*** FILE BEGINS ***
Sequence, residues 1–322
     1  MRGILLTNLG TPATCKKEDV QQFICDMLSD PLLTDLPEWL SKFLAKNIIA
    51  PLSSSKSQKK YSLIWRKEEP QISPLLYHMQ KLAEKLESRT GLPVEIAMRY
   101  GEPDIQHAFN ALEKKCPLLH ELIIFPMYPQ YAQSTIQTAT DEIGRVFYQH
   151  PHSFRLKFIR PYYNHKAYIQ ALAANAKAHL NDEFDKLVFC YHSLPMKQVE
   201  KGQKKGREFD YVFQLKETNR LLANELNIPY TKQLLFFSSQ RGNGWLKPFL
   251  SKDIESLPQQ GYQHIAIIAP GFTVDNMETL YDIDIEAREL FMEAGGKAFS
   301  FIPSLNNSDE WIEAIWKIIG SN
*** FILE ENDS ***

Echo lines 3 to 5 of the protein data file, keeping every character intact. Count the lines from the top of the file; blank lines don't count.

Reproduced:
    51  PLSSSKSQKK YSLIWRKEEP QISPLLYHMQ KLAEKLESRT GLPVEIAMRY
   101  GEPDIQHAFN ALEKKCPLLH ELIIFPMYPQ YAQSTIQTAT DEIGRVFYQH
   151  PHSFRLKFIR PYYNHKAYIQ ALAANAKAHL NDEFDKLVFC YHSLPMKQVE